On Police/Community Relations, Peduto Says 'Culture Change' Underway In Pittsburgh

Oct 9, 2014

Pittsburgh’s acting police chief and Mayor Bill Peduto were two panelists in a discussion on police/community relations as part of the Mayor’s Night on Air at the Community Broadcast Center Wednesday evening.

Tensions have been high between police and the black community in Pittsburgh due to issues that have been building up for decades. Now, Peduto said work is underway to change that.

“We have done more than just hiring a police chief; we have created a culture change within Pittsburgh,” Peduto said.

Peduto cited his hiring of Public Safety Director Stephen Bucar and bringing in a new chief from outside the ranks of the Pittsburgh Bureau of Police. He also said through years of politics in the department, control over the organization and morale has taken a hit. Acting Police Chief Cameron McLay said he has been welcomed by rank-and-file officers, but he knows change won’t occur overnight.

“Culture is a slow thing to change. It takes years and years and years to change culture,” McLay said. “But effective leaders working together can change climate a lot faster, so that’s what we are trying to do here.”

To start to tackle the issue, Peduto said three critical areas within policing need to be reformed. The first is how officers are recruited.

“How we train those officers and that training is not just something you do at an academy, it’s a constant part of it,” he said. “The next part is a combination – it’s how we promote officers so that they believe, in the bureau itself, that it’s fair, it’s not being done for political purposes – and how we retain them.”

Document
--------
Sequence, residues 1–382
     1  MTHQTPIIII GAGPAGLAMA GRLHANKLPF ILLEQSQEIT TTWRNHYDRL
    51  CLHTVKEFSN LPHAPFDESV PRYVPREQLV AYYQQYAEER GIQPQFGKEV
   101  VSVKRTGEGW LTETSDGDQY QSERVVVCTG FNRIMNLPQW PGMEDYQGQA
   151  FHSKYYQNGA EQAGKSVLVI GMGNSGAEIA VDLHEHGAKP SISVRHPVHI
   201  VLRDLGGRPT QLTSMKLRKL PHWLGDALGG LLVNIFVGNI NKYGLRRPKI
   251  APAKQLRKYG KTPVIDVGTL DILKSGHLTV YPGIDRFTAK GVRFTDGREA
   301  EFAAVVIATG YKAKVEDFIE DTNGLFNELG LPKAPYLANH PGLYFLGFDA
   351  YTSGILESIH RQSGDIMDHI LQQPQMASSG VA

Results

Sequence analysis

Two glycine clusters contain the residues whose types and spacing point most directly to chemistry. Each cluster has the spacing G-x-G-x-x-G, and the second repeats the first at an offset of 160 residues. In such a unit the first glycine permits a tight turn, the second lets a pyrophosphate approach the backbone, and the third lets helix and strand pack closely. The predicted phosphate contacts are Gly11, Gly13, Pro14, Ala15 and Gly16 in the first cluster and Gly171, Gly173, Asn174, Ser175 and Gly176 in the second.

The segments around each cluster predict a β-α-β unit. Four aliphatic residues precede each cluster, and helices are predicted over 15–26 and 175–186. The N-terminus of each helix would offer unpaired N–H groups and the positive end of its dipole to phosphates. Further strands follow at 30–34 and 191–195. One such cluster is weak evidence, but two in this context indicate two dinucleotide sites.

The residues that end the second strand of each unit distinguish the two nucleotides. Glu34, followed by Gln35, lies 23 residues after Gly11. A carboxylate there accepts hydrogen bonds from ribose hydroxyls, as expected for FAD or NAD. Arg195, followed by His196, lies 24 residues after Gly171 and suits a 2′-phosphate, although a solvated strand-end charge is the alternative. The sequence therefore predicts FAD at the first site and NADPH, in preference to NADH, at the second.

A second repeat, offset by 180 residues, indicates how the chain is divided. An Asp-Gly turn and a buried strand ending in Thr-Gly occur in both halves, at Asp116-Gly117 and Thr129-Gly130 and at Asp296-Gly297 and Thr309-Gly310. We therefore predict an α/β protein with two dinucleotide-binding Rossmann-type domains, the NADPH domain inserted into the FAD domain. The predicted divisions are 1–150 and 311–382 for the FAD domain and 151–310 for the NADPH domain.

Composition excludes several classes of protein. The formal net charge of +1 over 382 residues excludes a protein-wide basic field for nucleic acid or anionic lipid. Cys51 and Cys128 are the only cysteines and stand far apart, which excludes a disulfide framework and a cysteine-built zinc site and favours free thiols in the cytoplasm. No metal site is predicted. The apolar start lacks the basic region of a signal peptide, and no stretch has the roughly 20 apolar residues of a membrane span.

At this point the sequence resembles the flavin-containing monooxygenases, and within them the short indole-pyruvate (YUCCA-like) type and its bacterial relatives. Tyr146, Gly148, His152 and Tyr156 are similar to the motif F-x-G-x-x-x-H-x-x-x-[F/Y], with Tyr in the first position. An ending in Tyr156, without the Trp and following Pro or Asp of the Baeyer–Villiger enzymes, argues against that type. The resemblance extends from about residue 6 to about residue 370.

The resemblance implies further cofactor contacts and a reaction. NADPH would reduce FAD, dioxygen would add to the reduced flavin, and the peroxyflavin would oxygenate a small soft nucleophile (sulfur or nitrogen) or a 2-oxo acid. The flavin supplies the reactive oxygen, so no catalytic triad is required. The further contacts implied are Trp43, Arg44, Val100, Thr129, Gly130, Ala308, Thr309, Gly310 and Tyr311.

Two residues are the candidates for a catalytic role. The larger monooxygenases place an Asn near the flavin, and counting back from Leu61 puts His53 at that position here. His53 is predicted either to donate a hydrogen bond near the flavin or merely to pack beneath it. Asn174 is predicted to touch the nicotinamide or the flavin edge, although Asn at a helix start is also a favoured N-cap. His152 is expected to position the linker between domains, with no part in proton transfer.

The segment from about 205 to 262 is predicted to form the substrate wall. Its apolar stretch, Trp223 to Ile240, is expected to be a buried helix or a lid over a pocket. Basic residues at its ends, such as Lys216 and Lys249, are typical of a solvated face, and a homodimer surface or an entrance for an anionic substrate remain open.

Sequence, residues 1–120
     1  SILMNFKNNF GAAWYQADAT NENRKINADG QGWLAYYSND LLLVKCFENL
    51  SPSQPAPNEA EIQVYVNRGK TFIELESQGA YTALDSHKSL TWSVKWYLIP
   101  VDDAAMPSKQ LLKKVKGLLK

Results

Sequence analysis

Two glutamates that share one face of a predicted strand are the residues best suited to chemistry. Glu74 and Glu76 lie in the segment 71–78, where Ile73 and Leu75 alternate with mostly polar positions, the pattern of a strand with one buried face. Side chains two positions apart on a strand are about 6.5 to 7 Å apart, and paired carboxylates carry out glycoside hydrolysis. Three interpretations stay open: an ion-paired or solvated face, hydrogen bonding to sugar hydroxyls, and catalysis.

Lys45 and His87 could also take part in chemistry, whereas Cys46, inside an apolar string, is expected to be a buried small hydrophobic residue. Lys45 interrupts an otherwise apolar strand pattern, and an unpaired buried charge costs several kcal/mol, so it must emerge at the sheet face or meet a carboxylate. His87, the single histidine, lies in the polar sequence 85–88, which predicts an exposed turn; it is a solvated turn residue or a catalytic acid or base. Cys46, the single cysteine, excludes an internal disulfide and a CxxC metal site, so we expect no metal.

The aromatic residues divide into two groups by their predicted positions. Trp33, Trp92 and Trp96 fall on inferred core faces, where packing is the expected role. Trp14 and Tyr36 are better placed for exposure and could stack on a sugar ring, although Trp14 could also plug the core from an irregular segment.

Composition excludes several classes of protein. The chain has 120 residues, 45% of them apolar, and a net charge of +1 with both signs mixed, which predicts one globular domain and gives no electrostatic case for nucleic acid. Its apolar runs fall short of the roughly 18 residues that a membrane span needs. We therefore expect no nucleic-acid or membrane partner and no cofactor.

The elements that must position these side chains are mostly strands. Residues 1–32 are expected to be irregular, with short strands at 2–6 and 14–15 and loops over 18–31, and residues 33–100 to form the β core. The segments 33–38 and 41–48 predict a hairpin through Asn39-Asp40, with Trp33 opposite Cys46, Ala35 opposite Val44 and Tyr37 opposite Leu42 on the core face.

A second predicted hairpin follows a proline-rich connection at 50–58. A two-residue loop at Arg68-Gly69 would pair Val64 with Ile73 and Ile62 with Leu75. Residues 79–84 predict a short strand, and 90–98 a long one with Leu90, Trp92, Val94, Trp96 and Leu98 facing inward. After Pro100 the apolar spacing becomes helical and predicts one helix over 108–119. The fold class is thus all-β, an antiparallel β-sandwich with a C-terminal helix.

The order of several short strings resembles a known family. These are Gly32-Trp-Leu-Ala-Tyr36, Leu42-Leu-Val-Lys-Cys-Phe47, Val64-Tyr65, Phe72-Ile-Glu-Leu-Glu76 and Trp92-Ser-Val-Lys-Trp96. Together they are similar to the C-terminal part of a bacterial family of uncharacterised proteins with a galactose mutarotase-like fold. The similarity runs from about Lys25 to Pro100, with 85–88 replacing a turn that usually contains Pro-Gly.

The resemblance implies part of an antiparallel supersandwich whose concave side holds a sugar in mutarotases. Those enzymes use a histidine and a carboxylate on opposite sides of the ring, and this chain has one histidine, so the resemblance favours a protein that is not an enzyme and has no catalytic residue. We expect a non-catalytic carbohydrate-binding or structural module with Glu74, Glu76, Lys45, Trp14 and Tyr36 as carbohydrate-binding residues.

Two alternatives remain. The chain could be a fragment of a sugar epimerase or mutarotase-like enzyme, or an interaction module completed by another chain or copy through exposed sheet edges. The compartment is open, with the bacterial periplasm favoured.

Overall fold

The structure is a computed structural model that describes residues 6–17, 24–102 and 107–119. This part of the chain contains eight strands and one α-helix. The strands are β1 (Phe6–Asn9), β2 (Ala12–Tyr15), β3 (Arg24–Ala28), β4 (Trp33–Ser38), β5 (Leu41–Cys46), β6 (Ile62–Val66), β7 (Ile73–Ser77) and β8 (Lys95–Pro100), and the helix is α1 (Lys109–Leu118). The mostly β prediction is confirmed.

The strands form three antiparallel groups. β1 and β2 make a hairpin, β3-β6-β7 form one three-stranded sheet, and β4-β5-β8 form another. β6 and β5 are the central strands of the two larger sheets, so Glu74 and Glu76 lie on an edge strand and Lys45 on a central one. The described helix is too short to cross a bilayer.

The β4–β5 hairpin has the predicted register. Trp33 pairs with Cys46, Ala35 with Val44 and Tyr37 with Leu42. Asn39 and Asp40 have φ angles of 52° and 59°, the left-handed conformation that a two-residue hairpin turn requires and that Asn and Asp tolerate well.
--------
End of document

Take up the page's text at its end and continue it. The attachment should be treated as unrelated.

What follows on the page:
McLay said training is also a huge factor, and that it’s not a one-off thing – but something that should occur throughout an officer’s career.  

The issue of police and community relations is largely seen as a problem in Pittsburgh’s black community. Some have voiced concern over racism in the force and alleged that black Pittsburghers are treated differently, and largely unfairly, by police.

“Race, of course, is an issue,” said McLay. “It impacts on how we all perceive one another, and I think that’s one of the powerful points of dialogue we can start having – having members of the community come together with law enforcement and start having that conversation.”

That conversation, said McLay, should come from both sides, how community members see and perceive officers in their communities and what the officers see and perceive. Another panelist, Brandi Fisher, president of the Alliance for Police Accountability, said conversations will be a start.

“You have to have conversations, and there has to be some healing and progress done before you can expect people to open their arms and say, ‘We accept police walking down the streets in our community,'" Fisher said. "I think it’s a good thing, and it’s necessary, but there has to be many steps taken before that."

McLay said work is underway to improve police training and recruit police officers who believe in the community and the work of the police in keeping the peace. He cautioned that Pittsburgh could be the next Ferguson, Mo. He said before there is an emergency situation, and to prevent wide civil unrest, the lines of communication between law enforcement and a range of community groups needs to remain open.

The forum, which was broadcast live, was hosted by Essential Pittsburgh's Paul Guggenheimer. Former police officer Sheldon Williams also participated as a panelist.